Open Access (free)
Design and material culture in Soviet Russia, 1960s–80s
Author: Yulia Karpova

The major part of this book project was funded by the European Union’s Horizon 2020 research and innovation programme under the Marie Sklodowska-Curie grant agreement No. 700913.

This book is about two distinct but related professional cultures in late Soviet Russia that were concerned with material objects: industrial design and decorative art. The Russian avant-garde of the 1920s is broadly recognised to have been Russia’s first truly original contribution to world culture. In contrast, Soviet design of the post-war period is often dismissed as hackwork and plagiarism that resulted in a shabby world of commodities. This book identifies the second historical attempt at creating a powerful alternative to capitalist commodities in the Cold War era. It offers a new perspective on the history of Soviet material culture by focusing on the notion of the ‘comradely object’ as an agent of progressive social relations that state-sponsored Soviet design inherited from the avant-garde. It introduces a shared history of domestic objects, handmade as well as machine-made, mass-produced as well as unique, utilitarian as well as challenging the conventional notion of utility. Situated at the intersection of intellectual history, social history and material culture studies, this book elucidates the complexities and contradictions of Soviet design that echoed international tendencies of the late twentieth century. The book is addressed to design historians, art historians, scholars of material culture, historians of Russia and the USSR, as well as museum and gallery curators, artists and designers, and the broader public interested in modern aesthetics, art and design, and/or the legacy of socialist regimes.

Open Access (free)
Thom Davies

instead of DAVIES & MAH 9781526137029 PRINT.indd 121 08/06/2020 15:32 122 Sensing and witnessing injustice creating “data” about pollution, it creates a story, exposing environmental injustice as viscous, fetid, and unmissibly there. The challenge of making pollution present is also taken up by Peter C. Little and Marina Da Silva, who both focus on visual dimensions of pollution. Little takes us to one of the world’s largest e-­waste dumps, in Agbogbloshie, a district in Accra, the capital of Ghana. He explores how workers who recycle e-­waste in this vibrant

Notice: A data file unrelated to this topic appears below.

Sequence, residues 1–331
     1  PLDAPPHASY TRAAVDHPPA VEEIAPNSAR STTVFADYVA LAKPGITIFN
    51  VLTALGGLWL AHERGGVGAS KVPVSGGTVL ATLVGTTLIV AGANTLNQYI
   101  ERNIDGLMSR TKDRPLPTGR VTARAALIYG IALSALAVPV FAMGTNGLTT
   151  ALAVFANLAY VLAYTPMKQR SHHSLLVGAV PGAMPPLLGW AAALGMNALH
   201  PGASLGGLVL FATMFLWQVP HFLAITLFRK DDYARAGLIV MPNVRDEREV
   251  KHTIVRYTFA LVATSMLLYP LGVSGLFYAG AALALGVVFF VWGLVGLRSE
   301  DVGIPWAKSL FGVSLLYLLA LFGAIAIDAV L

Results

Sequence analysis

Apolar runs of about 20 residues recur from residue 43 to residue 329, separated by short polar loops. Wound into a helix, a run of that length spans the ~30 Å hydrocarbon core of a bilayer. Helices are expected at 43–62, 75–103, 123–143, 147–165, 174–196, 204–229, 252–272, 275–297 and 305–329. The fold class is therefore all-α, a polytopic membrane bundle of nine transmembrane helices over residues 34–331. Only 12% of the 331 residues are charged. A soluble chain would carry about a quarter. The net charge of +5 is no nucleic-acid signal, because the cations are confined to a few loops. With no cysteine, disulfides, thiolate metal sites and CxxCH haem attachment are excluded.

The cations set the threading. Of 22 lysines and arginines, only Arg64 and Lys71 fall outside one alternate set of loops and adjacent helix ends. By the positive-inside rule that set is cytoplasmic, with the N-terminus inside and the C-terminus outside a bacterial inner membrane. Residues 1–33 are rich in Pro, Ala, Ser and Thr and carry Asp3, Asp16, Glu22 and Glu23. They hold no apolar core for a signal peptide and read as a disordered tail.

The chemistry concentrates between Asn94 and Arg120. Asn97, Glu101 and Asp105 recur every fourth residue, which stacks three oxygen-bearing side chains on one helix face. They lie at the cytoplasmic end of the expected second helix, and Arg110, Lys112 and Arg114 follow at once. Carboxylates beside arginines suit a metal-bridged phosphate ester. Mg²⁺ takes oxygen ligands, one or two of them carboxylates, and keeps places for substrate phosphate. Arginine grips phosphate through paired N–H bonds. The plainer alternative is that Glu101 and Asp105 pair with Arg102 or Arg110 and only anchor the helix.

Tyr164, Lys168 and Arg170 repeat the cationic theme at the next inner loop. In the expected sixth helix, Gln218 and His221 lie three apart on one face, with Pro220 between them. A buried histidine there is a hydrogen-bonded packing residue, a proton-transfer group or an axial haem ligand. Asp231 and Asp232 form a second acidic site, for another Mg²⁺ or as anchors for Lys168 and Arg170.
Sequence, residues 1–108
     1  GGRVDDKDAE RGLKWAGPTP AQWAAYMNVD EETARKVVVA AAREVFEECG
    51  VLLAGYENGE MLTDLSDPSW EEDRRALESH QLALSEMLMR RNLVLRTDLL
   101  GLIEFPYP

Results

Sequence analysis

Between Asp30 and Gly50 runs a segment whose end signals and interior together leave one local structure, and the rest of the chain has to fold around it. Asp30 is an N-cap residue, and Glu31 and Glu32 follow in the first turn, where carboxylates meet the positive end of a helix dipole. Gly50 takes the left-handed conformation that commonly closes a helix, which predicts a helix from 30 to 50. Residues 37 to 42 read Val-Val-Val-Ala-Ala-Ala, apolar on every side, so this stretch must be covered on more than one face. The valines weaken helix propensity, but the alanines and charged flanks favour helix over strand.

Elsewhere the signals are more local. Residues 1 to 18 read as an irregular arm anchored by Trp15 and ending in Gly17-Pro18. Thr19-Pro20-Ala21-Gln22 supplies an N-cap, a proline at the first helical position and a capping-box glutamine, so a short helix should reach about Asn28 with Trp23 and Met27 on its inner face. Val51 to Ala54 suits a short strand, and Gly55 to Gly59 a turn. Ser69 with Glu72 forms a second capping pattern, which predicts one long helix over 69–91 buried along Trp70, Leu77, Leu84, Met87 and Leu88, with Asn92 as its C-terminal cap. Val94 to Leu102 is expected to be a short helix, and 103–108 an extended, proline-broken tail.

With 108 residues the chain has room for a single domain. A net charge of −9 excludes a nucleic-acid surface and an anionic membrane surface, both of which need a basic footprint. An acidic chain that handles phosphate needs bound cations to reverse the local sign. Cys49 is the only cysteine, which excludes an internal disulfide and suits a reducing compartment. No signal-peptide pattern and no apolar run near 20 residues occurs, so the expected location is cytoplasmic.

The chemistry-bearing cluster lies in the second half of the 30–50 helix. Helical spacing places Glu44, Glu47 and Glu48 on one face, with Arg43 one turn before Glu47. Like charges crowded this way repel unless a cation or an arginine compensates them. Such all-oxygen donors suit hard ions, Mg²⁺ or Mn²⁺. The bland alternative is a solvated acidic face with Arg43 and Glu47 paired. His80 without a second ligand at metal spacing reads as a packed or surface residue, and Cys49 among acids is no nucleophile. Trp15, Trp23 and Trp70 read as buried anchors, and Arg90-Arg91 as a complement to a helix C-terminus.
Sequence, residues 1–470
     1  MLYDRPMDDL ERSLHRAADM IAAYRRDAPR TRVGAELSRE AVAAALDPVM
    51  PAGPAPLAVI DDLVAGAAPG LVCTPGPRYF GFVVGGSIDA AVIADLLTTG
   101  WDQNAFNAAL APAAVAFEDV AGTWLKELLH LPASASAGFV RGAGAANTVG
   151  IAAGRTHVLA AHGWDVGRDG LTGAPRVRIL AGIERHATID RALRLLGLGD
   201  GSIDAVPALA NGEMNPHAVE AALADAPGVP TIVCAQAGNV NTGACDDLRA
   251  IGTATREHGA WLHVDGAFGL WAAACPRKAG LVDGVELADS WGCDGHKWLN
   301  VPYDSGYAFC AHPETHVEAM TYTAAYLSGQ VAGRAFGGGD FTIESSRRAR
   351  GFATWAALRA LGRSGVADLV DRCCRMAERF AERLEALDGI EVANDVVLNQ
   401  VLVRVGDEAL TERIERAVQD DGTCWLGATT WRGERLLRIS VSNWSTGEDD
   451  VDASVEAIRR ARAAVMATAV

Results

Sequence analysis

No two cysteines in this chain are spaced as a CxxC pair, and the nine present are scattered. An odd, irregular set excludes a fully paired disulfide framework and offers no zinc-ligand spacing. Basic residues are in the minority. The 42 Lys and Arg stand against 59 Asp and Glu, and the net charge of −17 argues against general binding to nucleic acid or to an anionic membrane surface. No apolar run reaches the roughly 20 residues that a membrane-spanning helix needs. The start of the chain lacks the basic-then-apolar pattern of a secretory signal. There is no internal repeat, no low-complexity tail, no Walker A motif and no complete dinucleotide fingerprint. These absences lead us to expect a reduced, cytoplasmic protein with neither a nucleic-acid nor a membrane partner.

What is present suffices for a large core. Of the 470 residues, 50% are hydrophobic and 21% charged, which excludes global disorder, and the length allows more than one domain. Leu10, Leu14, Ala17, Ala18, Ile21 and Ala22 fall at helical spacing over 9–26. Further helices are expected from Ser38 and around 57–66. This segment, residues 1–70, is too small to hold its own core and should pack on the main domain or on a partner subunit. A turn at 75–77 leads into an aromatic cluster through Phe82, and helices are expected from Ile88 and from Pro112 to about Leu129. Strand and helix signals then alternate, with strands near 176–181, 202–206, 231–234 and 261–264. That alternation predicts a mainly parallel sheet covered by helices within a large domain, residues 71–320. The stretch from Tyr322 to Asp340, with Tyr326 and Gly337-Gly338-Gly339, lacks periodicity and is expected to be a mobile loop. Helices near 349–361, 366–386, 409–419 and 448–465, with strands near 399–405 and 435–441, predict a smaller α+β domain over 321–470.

in Toxic truths
Open Access (free)
From content warning to censorship
Jack Halberstam

, fact-​checking, and attention-​challenged students. The generational differences in pedagogical styles, in classroom technologies, in mediascapes, and in the relations between canons and experimental or alternative archives have all transformed the contemporary classroom into a wild zone where on any given day, in any given class, a student can expect to be bombarded with material –​not at the pace that the culture generally dumps information, imagery, and news onto audiences but certainly at a pace that would have been unthinkable a few decades ago. The student

in The power of vulnerability
Cardboard publishers in Latin America
Lucy Bell

into public bins or diving into municipal dumps, the urban scavenger might be seen to epitomise the ‘wasted life’, associated as he or she is with the waste he or she collects, and suffering from the same rejection, exclusion and invisibility. However, my contention is that the strategy of exclusion condemned by Bauman is transformed into strategies of inclusion by the Cooperglicério waste pickers and publishers – in their activities, their productions and in the Recycling materials, recycling lives 81 book itself, which has a performative function. By adding

in Literature and sustainability
Open Access (free)
The Republic and Northern Ireland since 1990
Michael Parker

arms ‘completely and verifiably . . . beyond use’41 and consent to allow regular inspections of their sealed arms dumps by two leading international statesman, the former Finnish President Martti Ahtisaari and the ANC’s Cyril Ramaphosa. By the time the Executive and Assembly resumed work on 29 May 2000, unionist community support for the Agreement was increasingly ebbing away. A by-election in the autumn saw the second safest UUP seat in the province fall into DUP hands. Many unionist voters clearly preferred the uncompromising line on power-sharing with republicans

in Irish literature since 1990